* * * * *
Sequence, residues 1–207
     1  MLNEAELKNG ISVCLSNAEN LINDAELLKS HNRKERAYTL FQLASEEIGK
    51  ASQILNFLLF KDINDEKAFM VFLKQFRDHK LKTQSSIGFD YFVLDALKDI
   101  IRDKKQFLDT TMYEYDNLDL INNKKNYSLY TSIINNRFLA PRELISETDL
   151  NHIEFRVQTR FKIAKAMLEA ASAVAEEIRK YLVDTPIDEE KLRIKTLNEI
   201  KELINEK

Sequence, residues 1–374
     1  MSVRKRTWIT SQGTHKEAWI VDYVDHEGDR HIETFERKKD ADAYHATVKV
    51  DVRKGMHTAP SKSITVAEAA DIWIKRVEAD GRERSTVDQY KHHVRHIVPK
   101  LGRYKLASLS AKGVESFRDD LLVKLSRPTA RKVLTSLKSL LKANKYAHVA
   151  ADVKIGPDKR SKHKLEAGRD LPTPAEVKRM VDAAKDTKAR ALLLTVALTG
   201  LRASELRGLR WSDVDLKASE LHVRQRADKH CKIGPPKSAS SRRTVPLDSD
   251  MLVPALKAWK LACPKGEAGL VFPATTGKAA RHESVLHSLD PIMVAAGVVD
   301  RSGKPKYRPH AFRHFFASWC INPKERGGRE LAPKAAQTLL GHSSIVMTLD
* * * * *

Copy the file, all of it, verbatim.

Sequence, residues 1–207
     1  MLNEAELKNG ISVCLSNAEN LINDAELLKS HNRKERAYTL FQLASEEIGK
    51  ASQILNFLLF KDINDEKAFM VFLKQFRDHK LKTQSSIGFD YFVLDALKDI
   101  IRDKKQFLDT TMYEYDNLDL INNKKNYSLY TSIINNRFLA PRELISETDL
   151  NHIEFRVQTR FKIAKAMLEA ASAVAEEIRK YLVDTPIDEE KLRIKTLNEI
   201  KELINEK

Sequence, residues 1–374
     1  MSVRKRTWIT SQGTHKEAWI VDYVDHEGDR HIETFERKKD ADAYHATVKV
    51  DVRKGMHTAP SKSITVAEAA DIWIKRVEAD GRERSTVDQY KHHVRHIVPK
   101  LGRYKLASLS AKGVESFRDD LLVKLSRPTA RKVLTSLKSL LKANKYAHVA
   151  ADVKIGPDKR SKHKLEAGRD LPTPAEVKRM VDAAKDTKAR ALLLTVALTG
   201  LRASELRGLR WSDVDLKASE LHVRQRADKH CKIGPPKSAS SRRTVPLDSD
   251  MLVPALKAWK LACPKGEAGL VFPATTGKAA RHESVLHSLD PIMVAAGVVD
   301  RSGKPKYRPH AFRHFFASWC INPKERGGRE LAPKAAQTLL GHSSIVMTLD